Canadian Moose Cheese

Moose – Google Images

There are an estimated 850,000 Moose in Canada, yet I still have not been able to find a producer of Canadian Moose cheese.

I did find some information from Wikipedia that states that moose cheese is available from The Elk House (Älgens Hus) farm in Bjurholm, Sweden. It is run by Christer and Ulla Johansson and it is believed to be the world’s only producer of moose cheese. They have three milk producing moose, whose milk yields roughly 300 kilograms of cheese per year. The cheese sells for about $987 (CAD$) per kilogram. The moose cheese is 12% fat and 12% protein.

Whoa … back up … that’s right – $987 per Kilo or $487 per pound. You would think that some enterprising Canadian cheesemaker entrepreneur might be lured into producing some moose cheese to give Sweden a little competition.

Hmmm – I wonder where I could go to learn to milk a moose?

In the meantime, I guess I’ll have to stick to eating Maple Cheddar which is still very Canadian but much more affordable.

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11 comments on “Canadian Moose Cheese

  1. ohiocook says:

    Thank you for reading and the “Like” on my post. I like your blog it’s on one of my favorite things CHEESE!

  2. Kat says:

    Moose cheese…now that’s one I haven’t heard of! That’s crazy expensive!! Now I’m really curious as to what it tastes like.

  3. lmaybaum says:

    Would love to taste cheese made from moose milk! Very intriguing!

  4. musingmar says:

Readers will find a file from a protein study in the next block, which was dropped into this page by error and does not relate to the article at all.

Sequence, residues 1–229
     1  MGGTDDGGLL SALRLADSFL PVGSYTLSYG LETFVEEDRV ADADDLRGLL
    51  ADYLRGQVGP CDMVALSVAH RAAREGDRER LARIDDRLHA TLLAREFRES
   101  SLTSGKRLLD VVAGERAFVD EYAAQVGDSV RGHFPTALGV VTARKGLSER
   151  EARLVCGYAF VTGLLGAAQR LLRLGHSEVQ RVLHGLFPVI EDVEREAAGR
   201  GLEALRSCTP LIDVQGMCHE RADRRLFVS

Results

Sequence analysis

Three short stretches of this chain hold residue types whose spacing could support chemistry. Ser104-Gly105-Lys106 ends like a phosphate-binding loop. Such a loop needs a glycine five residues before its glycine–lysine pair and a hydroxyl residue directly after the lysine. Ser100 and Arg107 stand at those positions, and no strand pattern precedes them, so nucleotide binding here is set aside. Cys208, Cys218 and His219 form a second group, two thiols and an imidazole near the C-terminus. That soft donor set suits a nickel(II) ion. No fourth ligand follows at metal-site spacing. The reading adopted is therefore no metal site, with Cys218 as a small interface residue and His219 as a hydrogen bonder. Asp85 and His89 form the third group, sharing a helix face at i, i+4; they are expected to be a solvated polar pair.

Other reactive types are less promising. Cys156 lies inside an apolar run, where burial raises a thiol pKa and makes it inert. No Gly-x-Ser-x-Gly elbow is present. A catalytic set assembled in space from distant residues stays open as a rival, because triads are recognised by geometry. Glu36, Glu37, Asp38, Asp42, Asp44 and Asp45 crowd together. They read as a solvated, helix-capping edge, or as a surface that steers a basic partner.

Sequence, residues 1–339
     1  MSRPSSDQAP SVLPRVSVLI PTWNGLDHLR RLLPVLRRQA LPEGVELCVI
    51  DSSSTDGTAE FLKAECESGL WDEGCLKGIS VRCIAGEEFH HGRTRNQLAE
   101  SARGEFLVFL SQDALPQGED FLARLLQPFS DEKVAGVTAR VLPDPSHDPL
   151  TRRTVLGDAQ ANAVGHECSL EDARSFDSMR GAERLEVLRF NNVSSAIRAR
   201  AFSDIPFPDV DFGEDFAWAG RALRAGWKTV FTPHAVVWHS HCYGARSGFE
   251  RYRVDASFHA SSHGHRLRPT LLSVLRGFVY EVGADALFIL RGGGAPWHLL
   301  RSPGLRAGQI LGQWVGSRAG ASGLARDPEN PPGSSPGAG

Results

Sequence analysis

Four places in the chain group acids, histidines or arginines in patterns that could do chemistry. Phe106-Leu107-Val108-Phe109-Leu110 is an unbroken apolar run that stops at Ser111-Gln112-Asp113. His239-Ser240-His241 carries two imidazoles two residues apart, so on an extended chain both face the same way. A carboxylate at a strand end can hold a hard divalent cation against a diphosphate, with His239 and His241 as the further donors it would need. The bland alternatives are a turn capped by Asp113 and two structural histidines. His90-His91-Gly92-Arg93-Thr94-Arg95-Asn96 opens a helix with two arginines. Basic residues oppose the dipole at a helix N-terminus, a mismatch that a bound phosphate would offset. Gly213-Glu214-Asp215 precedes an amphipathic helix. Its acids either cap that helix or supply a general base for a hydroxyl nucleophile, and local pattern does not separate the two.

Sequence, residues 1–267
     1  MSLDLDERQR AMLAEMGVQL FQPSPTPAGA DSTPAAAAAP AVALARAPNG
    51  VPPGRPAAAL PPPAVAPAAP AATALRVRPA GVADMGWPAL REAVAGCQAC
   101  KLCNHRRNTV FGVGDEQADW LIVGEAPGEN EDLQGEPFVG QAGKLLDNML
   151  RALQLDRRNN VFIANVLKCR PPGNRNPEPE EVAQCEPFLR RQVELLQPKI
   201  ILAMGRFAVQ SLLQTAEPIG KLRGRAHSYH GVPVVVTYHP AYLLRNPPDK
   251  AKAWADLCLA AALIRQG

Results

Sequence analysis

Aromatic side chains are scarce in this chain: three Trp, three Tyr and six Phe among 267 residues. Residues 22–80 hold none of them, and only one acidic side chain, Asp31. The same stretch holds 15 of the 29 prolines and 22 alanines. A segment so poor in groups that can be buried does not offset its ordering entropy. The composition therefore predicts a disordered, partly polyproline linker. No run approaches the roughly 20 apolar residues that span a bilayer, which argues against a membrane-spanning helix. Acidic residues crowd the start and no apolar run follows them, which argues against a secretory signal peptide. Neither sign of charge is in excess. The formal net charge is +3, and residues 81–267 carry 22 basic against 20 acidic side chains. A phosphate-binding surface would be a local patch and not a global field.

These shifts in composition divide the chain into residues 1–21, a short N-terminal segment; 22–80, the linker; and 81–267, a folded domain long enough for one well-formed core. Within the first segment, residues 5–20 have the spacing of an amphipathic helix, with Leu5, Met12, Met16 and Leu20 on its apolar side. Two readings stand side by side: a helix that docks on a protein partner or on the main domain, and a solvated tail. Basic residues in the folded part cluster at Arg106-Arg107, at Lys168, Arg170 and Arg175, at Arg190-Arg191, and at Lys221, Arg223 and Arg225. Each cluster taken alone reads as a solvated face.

I think the biggest challenge in making this cheese would be to catch a moose first…

  5. Cyrelle says:

    seriously? how does it taste like?

  6. Nancy says:

    Cheese is like crack cocaine to me. Well, a bit cheaper (except for that moose cheese!). Nice to discover your blog. Thanks for “liking” mine.

  7. Rachel says:

    I can just see the recipe now… “First you *catch* a moose…. ” 😉

  8. Zak says:

    I tasted this myself when I was in Sweden for the summer 2012. It is quite different from what we are used to as cow or a goat milk cheese. But I wasn’t impressed. I think the reason why it is expensive is because they can’t milk them year around like cows or goats. I can’t imagine my self milking a mouse because they are wild.

    • alfievenner says:

      Actually most goats cheeses are seasonal. In Spring the goats might be eating fresh grass, wild flowers and the leaves from deciduous trees, which gives the milk a lot of interesting flavours. In the winter they will be eating hay and sugar-beet, so there is no point in making cheese.

      Thanks Ontdrew for your like and I look forward to reading more of your stuff in the future!

  9. Awesome blog! I’m adding you to my list of favorites!

  10. Dan Caldwell says:

    I want to buy moose milk

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